It’s been 40 years since the Supreme Court decision in Roe v. Wade legalized abortion, but the pro-life movement to reverse the decision continues.
The annual March for Life will be held Friday in Washington, D.C. The event attracts hundreds of thousands of people who come out in force with hopes of seeing abortion laws changed.
The march usually is held Jan. 22, the anniversary of the Roe v. Wade ruling, but was rescheduled this year to better accommodate participants because the anniversary comes the day after public ceremonies for the presidential inauguration.
Local organizers plan to take 10 busloads of marchers from Cambria and Somerset counties.
The buses will depart between 6:30 and 7:30 a.m. Boarding sites include Northern Cambria, St. Benedict, New Germany, Carrolltown, Loretto, Richland, West End, Windber, Hooversville and Somerset. Buses also will leave from Bishop McCort and Bishop Carroll Catholic high schools. For more information on bus sites, call Pat Mulcahy at 269-1470.
Mulcahy, of Windber, who has coordinated the bus trip for many years, said a big change he’s noticed is the increased number of younger people, high school and college age, who are participating in the march.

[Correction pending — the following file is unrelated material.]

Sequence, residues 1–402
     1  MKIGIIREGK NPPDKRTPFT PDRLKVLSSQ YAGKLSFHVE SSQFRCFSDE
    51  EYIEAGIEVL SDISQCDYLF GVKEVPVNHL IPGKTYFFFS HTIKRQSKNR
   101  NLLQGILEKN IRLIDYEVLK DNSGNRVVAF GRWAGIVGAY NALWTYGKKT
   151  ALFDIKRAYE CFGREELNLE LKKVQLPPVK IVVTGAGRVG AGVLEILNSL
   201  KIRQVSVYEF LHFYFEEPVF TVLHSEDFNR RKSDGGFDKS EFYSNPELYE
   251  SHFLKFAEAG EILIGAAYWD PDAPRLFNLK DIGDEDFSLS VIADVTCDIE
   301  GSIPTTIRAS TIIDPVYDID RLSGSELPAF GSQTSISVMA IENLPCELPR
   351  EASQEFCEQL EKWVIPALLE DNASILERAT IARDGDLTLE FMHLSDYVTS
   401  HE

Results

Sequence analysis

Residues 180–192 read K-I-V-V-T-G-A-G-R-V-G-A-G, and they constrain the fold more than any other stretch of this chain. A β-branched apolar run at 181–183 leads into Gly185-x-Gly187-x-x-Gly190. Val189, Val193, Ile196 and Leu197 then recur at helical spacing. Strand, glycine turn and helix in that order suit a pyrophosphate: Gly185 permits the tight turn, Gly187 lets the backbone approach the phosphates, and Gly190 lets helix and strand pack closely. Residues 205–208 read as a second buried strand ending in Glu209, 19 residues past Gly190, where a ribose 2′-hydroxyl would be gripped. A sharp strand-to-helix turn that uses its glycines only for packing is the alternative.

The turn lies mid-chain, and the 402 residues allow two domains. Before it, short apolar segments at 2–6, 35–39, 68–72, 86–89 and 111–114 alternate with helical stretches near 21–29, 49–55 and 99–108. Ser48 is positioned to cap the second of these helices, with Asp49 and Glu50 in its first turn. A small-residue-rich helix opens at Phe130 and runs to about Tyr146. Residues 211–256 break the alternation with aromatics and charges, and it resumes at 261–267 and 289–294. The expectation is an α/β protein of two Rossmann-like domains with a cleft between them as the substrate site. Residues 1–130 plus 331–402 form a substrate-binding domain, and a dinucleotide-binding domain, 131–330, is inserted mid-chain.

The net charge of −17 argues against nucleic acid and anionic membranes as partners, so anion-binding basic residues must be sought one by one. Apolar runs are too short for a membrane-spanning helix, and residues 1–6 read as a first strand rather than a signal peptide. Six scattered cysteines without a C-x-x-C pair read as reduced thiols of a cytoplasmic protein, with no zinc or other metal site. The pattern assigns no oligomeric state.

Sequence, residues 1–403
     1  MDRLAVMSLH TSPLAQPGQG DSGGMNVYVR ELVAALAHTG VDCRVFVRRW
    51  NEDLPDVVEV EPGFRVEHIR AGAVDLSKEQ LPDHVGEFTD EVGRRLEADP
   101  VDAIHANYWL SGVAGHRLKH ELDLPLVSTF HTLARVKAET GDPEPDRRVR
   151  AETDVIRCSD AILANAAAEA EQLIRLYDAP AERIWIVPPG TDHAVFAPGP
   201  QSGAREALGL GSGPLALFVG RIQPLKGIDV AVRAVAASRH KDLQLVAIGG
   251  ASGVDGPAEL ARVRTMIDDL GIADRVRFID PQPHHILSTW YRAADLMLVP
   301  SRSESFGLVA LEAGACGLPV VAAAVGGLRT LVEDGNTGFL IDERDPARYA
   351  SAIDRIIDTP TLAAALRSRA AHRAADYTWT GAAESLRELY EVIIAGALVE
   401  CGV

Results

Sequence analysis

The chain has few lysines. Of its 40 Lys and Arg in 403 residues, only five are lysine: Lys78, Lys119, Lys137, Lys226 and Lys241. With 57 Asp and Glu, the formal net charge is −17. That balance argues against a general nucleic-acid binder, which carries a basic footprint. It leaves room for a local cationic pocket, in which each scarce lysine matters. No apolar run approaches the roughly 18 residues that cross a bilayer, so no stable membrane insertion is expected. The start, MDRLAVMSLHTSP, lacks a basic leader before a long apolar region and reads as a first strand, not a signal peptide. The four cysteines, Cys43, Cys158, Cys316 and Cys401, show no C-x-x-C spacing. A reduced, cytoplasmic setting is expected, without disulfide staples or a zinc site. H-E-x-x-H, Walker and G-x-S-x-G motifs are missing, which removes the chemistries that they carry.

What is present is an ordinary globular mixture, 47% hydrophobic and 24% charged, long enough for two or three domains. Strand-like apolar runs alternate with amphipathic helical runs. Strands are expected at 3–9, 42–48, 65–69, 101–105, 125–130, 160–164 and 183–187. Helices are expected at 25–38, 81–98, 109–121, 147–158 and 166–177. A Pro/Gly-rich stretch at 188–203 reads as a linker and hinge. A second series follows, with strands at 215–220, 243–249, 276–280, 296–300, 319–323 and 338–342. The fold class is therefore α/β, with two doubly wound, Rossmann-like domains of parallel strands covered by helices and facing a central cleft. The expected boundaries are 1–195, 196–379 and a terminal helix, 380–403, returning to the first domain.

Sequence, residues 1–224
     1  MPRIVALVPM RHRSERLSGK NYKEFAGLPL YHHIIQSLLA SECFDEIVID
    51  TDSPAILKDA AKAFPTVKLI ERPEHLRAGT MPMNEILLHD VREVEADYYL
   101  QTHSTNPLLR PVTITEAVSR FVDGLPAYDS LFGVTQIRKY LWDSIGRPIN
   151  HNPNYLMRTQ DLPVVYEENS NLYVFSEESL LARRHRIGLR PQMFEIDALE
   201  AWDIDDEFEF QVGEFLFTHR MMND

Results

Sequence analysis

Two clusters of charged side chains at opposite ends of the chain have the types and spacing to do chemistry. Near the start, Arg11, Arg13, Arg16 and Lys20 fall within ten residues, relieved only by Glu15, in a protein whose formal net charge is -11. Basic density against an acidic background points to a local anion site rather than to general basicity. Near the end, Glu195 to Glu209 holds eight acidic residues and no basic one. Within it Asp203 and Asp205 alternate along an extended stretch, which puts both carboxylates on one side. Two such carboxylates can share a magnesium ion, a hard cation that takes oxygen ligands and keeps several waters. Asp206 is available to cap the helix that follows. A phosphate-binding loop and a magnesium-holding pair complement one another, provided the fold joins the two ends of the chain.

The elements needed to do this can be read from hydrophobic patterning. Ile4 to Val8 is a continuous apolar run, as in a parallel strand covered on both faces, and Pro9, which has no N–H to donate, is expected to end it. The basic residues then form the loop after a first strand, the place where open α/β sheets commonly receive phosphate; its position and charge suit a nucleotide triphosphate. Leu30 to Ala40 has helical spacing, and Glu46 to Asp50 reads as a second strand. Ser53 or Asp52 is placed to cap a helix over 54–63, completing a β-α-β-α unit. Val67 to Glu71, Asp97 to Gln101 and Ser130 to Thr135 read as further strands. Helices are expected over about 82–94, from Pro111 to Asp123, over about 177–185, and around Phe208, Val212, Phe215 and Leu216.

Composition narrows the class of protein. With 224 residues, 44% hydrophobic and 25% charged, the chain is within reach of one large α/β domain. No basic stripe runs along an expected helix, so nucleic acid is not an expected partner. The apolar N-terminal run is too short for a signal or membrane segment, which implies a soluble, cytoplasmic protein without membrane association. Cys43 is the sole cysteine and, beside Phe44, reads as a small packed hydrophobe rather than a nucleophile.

“I honestly think the pro-life message is starting to sink in and people are realizing what an atrocity this is,” Mulcahy said. “Once people attend, they want to go every year because they feel it’s important.”
Even though it’s been a slow process, Mulcahy believes strides are being made in the fight to end abortion.
“I’m not going to kid myself into thinking there will be a complete end to this, but education is the answer in changing people’s minds,” he said.
In preparation for the March for Life, the Most Rev. Mark L. Bartchak, bishop of the Roman Catholic Diocese of Altoona-Johnstown, will hold a prayer service at 7 p.m. Thursday at the Cathedral of the Blessed Sacrament in Altoona.
“This is a good opportunity for those going to gather together and have a blessing in advance, but also for people who can’t attend to be a part of praying for the sanctity of life,” said Tony DeGol, the diocese’s secretary of communications.
Bartchak plans to attend the march and will travel by bus with a group of Bishop McCort students.
“He loves being with the youth, so it’s a natural fit he’d travel with them,” DeGol said. “Youth from our schools come out in force for this, and it speaks volumes on how committed they are to their faith and speaks well for the future.”
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